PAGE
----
Decentralized Media Production in Ukraine

Researcher: Jesse Driscoll (GPS)
Location: Ukraine

Trends in social media provide social scientists with access to unprecedented quantities of data. Cell phones and data promulgation applications are now ubiquitous, even in conflict zones and extremely remote or poorly governed parts of the planet. As distant observers attempt to make inferences about what people living in war zones were thinking at the time, the ability to retroactively analyze samples of self-created propaganda is an important research frontier. As of yet, there are no established best practices for this kind of work.

Many young Ukrainians used social media in 2014 to document their country's slide into war. Individuals produced and reproduced Ukrainian- and Russian-language propaganda in near-real time, and distributed it through their social networks.

This project collected systematic data on the characteristics of people who participated virtually in the “Euromaidan” events of November 2013–February 2014, before the start of the mobilization campaign that toppled the Yanukovych government. It performed a user analysis of every tweet (approximately 20,000) that was generated within the territory of Ukraine related to the protests that became known as #Euromaidan. It used time and geography trends to explore spatial and geographic variation in revolutionary uses of social media.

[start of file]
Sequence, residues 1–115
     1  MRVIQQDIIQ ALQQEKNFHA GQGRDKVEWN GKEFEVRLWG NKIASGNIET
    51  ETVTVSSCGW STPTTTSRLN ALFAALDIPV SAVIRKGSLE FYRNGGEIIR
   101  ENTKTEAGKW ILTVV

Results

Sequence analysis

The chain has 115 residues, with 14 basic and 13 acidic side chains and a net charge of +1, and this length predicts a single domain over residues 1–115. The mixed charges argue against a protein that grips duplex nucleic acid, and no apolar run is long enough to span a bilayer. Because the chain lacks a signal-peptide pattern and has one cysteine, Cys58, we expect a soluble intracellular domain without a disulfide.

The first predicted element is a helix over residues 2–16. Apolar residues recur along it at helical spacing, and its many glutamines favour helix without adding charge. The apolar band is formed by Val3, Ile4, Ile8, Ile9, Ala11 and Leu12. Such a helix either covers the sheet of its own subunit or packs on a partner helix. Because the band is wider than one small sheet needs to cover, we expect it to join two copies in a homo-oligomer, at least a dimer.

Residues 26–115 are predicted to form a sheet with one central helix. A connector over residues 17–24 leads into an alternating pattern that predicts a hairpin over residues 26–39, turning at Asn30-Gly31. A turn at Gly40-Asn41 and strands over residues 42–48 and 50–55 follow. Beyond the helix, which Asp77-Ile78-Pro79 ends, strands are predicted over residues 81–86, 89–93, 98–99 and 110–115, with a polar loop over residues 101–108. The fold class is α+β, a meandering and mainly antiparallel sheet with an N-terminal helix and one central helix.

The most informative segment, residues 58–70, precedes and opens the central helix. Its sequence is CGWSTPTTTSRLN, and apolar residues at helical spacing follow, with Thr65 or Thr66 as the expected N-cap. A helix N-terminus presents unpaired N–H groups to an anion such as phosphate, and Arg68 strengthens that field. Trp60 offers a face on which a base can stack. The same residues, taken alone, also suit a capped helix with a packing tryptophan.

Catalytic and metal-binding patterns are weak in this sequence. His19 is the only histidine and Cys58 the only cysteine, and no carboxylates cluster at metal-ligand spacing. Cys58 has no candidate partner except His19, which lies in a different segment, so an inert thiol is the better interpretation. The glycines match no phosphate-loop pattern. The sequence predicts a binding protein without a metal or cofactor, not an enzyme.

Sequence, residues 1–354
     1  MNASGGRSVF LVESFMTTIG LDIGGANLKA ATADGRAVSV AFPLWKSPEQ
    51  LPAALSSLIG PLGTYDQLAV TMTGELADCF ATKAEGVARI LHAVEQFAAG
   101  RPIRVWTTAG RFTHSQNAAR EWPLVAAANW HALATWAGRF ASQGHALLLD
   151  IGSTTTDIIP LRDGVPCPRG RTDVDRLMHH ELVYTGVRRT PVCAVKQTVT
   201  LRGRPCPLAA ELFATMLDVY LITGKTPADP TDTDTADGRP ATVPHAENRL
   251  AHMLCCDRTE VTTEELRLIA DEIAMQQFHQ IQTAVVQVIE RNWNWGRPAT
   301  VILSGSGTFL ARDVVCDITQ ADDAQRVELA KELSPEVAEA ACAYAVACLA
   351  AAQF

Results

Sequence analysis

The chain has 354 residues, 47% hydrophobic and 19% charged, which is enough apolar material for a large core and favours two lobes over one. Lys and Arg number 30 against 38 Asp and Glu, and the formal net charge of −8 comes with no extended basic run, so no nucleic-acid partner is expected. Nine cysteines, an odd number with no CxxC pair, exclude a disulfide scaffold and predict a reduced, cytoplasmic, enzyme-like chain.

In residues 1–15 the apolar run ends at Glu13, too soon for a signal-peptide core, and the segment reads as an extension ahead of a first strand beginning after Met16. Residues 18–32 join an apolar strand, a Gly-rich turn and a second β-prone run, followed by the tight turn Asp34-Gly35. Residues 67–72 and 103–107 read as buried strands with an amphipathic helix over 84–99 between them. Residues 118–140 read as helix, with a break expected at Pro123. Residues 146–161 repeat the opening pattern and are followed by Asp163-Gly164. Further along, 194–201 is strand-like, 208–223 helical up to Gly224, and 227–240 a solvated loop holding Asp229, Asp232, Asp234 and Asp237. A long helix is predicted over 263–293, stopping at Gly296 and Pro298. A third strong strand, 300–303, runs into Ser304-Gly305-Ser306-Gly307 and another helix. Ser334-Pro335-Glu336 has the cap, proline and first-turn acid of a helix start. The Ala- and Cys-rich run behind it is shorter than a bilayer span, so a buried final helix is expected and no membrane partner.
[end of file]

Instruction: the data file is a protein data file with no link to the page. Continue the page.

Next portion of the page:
Analysis of the use of social media in these events contributes to our understanding of how technological changes facilitate contentious politics.

Related Publications

Driscoll, Jesse, and Zachary Steinert-Threlkeld. “Alternative Facts: Social Media as Propaganda in Post-Maidan Ukraine.” Working paper, School of Global Policy and Strategy, University of California San Diego.